As part of its commitment to reduce health inequities and ensure the best outcomes for all Californians, the state has launched a Health Equity Dashboard on www.covid19.ca.gov/equity/ that tracks California’s health equity measure and data by race and ethnicity, age group, and sexual orientation/gender identity.

covid-19 roundup wednesday feb 10

California Testing & Turnaround Time
More than 85 community testing sites offer free, confidential testing: Find a COVID-19 Testing Site.

The testing turnaround dashboard reports how long California patients are waiting for COVID-19 test results. California has worked to reduce testing turnaround times in recent weeks to help curb the spread of the virus.

During the week of January 17 to January 23, the average time patients waited for test results was 1.2 days. During this same time period, 74% of patients received test results in one day and 92% received them within two days. The testing turnaround time dashboard (PDF) is updated weekly.

All four tiers in the Testing Prioritization Guidance originally dated July 14, 2020, have equal priority for testing.

coronavirus covid-19 roundup wednesday feb 10

Multisystem Inflammatory Syndrome in Children (MIS-C)

Each week, the California Department of Public Health updates the number of cases of Multisystem Inflammatory Syndrome in Children (MIS-C) reported in the state.

As of February 8, 224 cases of MIS-C reported statewide, 24 more than the previous week. To protect patient confidentiality in counties with fewer than 11 cases, we are not providing total counts at this time.

MIS-C is a rare inflammatory condition associated with COVID-19 that can damage multiple organ systems. MIS-C can require hospitalization and be life-threatening. Parents should be aware of the signs and symptoms of MIS-C including fever that does not go away, abdominal pain, vomiting, diarrhea, neck pain, rash, bloodshot eyes, or feeling tired.

Contact your child’s doctor immediately if your child has these symptoms. Early diagnosis and treatment of patients are critical to preventing long-term complications.

covid-19 roundup wednesday feb 10

Protect Yourself and Your Family: Your Actions Save Lives

Protect yourself, family, friends, and community by following these prevention measures:

* Staying home except for essential needs/activities following local and state public health guidelines when patronizing approved businesses. To the extent that sectors are re-opened, Californians may leave their homes to work at, patronize, or otherwise engage with those businesses, establishments or activities.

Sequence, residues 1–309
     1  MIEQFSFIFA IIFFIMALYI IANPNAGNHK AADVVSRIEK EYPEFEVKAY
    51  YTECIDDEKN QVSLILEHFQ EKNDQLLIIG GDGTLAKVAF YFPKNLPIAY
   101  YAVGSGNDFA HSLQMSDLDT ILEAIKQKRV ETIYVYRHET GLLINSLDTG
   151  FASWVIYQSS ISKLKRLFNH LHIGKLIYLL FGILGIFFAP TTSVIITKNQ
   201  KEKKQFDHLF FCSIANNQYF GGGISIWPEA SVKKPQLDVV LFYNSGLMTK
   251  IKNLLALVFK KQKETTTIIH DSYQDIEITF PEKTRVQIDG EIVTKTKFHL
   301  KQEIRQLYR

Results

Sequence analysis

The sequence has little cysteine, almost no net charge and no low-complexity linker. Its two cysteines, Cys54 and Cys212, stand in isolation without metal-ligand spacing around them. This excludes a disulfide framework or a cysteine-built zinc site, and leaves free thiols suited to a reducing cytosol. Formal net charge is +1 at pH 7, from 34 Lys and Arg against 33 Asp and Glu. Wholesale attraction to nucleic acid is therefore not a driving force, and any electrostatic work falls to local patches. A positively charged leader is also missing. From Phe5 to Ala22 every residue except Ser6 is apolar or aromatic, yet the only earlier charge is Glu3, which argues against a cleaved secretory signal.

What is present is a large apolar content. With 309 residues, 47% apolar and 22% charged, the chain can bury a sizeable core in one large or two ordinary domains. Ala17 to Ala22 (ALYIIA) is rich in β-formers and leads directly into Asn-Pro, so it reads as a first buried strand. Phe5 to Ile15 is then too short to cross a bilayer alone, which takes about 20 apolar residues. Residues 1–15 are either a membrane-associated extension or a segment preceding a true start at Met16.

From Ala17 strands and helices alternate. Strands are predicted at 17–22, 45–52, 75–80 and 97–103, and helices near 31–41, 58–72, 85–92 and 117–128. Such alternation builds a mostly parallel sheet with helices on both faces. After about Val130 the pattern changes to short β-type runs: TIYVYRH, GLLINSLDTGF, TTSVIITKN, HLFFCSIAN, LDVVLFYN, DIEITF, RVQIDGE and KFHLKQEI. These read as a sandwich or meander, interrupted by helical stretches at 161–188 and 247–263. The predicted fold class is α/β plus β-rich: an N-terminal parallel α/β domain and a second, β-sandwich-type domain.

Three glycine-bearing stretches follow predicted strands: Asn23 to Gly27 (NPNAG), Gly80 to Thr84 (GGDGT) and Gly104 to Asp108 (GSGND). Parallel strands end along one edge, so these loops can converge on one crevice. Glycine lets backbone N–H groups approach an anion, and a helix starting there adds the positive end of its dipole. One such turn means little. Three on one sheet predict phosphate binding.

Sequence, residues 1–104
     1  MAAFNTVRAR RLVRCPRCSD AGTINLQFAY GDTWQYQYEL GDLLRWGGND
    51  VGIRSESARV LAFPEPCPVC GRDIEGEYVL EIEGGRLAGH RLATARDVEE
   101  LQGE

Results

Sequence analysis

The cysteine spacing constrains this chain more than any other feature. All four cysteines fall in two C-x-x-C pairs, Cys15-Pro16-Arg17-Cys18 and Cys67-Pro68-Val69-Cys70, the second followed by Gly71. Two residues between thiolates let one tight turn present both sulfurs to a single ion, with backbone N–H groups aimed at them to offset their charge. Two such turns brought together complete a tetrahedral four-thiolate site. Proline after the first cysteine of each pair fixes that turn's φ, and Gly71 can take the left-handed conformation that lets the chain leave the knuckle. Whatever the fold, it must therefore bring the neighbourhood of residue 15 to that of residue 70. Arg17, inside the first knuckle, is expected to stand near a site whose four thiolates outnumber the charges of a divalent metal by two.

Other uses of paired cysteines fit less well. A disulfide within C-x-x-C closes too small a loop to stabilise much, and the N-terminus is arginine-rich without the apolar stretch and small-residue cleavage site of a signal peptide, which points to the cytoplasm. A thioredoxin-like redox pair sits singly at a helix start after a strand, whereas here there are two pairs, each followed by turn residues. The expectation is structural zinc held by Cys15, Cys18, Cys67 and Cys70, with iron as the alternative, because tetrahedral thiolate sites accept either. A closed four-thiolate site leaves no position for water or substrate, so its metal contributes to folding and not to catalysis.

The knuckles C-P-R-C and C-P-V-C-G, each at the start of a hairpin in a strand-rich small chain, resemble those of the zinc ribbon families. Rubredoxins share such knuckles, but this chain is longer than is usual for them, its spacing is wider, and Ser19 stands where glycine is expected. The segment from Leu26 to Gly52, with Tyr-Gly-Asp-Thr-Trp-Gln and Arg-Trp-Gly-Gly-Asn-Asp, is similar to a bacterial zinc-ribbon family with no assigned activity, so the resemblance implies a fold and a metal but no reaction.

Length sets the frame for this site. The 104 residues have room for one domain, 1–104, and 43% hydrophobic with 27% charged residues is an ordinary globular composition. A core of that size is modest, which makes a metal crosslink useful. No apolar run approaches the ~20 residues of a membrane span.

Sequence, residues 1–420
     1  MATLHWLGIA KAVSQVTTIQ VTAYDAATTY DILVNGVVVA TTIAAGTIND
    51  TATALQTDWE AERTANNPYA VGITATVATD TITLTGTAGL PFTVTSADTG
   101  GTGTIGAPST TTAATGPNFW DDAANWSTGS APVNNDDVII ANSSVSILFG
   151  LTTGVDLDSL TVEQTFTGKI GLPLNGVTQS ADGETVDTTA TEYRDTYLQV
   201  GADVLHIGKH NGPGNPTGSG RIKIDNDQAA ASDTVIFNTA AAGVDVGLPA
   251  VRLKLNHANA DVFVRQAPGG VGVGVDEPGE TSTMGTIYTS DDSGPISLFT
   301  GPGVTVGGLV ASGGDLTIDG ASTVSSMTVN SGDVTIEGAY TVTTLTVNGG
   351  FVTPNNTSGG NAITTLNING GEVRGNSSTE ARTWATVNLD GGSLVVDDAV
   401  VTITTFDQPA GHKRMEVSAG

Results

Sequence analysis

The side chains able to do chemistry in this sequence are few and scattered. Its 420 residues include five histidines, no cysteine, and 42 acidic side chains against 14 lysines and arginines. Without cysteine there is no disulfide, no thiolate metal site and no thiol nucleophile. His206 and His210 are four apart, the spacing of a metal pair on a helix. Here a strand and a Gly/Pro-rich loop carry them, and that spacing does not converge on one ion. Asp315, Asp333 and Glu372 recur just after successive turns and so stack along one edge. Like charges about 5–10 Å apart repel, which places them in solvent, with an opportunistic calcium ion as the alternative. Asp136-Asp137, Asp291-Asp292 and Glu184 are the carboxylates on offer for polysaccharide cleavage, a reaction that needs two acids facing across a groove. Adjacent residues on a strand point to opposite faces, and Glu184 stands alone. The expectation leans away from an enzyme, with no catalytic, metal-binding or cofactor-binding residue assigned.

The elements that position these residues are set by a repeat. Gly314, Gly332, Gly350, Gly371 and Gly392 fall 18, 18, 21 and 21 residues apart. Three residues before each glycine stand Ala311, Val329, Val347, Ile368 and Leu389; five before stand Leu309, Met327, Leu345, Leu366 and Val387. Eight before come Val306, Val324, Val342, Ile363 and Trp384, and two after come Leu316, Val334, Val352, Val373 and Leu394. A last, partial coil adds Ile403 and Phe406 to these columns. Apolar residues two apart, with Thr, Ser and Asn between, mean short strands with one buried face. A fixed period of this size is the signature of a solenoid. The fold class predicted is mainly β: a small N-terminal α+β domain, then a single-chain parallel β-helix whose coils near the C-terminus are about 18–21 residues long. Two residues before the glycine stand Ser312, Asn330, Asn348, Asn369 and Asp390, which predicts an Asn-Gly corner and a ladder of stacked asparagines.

* Avoiding non-essential travel, and practicing self-quarantine for 14 days after arrival if you leave the state.

* Keeping interactions to people who live in your household.

* Wearing a cloth face mask when out in public.

* Washing hands with soap and water for a minimum of 20 seconds.

* Avoiding touching eyes, nose, or mouth with unwashed hands.

* Covering a cough or sneeze with your sleeve or disposable tissue. Wash your hands afterward.

* Avoiding close contact with people who are sick.

* Staying away from work, school, or other people if you become sick with respiratory symptoms like fever and cough.

* Getting tested if you believe you’ve been exposed. Free, confidential testing is available statewide.

* Getting vaccinated when it’s your turn.

* Adding your phone to the fight by signing up for COVID-19 exposure notifications from CA Notify.

* Answering the call if a contact tracer from the CA COVID Team or local health department tries to connect.

* Following guidance from public health officials.

covid-19 roundup wednesday feb 10

What to Do if You Think You’re Sick

Call ahead: If you are experiencing symptoms of COVID-19 (fever, cough or shortness of breath), call your healthcare provider before seeking medical care so that appropriate precautions can be taken.

It’s important if someone thinks they could be positive for COVID-19 and are awaiting testing results to stay at home and act as if they are positive. This means self-isolating for 10 days and 72 hours after symptoms and fever subside.

If a person tests positive for COVID-19, they should plan on receiving a call from a public health specialist to discuss how to protect themselves and others, find out where they may have been, and who they were in close contact with while infectious.

California COVID-19 Data and Tools

A wide range of data and analysis guides California’s response to COVID-19. The state is making the data and its analytical tools available to researchers, scientists and the public at covid19.ca.gov.

* The Statewide COVID-19 Dashboard

* The California COVID-19 Assessment Tool (CalCAT)

* State Cases and Deaths Associated with COVID-19 by Age Group

* COVID-19 Race & Ethnicity Data

* COVID-19 Hospital Data and Case Statistics

* View additional datasets at the California Open Data Portal (including Testing Data, PPE Logistics Data, Hospital Data, Homeless Impact and more)

Consolidated guidance is available on the California Department of Public Health’s Guidance webpage.

* * * * *

Always check with trusted sources for the latest accurate information about novel coronavirus (COVID-19):

* Los Angeles County Department of Public Health

* California Department of Public Health

* Centers for Disease Control and Prevention

* Spanish

* World Health Organization

* Johns Hopkins University COVID-19 Dashboard

L.A. County residents can also call 2-1-1.

* * * * *

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SCV NewsBreak
LOCAL NEWS HEADLINES
Friday, Feb 26, 2021